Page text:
Poor Americans often misinterpret labels on drug bottlesBMJ 2006; 333 doi: https://doi.org/10.1136/bmj.333.7581.1265-b (Published 14 December 2006) Cite this as: BMJ 2006;333:1265
Americans from poor neighbourhoods often struggle to understand labels on drug bottles. When researchers tested 395 men and women from poor urban neighbourhoods across the US, nearly half (46.3%) misunderstood at least one of the five labels tested. People with poor literacy skills did worse than others, although misunderstandings were common even among those who could read well (37.7%). The size of each dose and the number of doses a day were the most common mistakes.
The drugs in the test—two antibiotics, an expectorant, two cardiovascular drugs, and a diuretic—were typical drugs used in primary care practice, and the labels were written in simple English. Even so, “take one tablet by mouth twice daily for seven days” was understood correctly by only 67% of participants. Worse, only a third of those who understood the directions “take two tablets by mouth twice daily” could show the researcher how many pills they should take each day.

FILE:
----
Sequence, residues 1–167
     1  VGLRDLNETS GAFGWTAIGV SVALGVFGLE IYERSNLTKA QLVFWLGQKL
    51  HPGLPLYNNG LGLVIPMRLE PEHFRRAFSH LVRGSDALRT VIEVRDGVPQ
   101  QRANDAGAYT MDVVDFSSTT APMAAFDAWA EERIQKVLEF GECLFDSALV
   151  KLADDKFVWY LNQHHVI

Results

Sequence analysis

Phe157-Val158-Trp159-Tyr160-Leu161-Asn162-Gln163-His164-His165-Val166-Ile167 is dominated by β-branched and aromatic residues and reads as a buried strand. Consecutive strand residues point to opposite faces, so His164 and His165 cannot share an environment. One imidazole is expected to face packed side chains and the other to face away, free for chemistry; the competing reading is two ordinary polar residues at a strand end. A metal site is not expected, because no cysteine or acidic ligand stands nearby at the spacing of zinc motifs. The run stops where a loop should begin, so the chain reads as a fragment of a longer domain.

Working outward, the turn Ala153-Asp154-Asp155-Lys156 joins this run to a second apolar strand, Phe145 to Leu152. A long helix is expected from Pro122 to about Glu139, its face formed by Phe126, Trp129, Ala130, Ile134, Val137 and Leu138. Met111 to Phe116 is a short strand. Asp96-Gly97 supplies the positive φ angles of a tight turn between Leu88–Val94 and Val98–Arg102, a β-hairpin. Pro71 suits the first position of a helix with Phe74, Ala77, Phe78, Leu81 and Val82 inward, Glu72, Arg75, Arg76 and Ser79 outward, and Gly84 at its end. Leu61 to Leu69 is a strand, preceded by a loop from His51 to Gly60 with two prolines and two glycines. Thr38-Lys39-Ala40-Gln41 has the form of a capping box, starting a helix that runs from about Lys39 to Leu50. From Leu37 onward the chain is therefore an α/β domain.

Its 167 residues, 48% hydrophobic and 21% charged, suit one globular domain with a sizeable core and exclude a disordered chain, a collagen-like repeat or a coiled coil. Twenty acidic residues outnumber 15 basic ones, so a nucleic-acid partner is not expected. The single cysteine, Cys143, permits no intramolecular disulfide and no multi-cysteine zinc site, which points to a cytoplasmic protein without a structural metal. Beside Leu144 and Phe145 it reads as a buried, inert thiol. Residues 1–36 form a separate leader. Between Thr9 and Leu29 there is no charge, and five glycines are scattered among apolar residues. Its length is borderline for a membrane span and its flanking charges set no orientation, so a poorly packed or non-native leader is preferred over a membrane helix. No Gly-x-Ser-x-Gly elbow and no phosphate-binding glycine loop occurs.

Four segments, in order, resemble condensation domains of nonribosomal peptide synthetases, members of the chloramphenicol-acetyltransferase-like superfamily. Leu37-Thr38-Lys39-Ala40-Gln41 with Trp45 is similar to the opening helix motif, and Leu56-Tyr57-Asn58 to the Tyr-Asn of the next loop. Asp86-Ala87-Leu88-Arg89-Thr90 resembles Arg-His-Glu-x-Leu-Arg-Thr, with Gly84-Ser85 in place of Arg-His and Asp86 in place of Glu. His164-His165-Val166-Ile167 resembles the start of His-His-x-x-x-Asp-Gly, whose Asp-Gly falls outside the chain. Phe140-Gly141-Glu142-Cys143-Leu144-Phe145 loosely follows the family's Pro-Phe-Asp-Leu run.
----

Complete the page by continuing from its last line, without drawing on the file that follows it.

Poor literacy, defined as the reading skills expected of someone educated no further than the sixth grade, was independently associated with misunderstanding the labels (adjusted relative risk 2.32, 95% CI 1.26 to 4.28) and with being unable to show a researcher the correct number of pills to take each day (3.02, 1.70 to 4.89).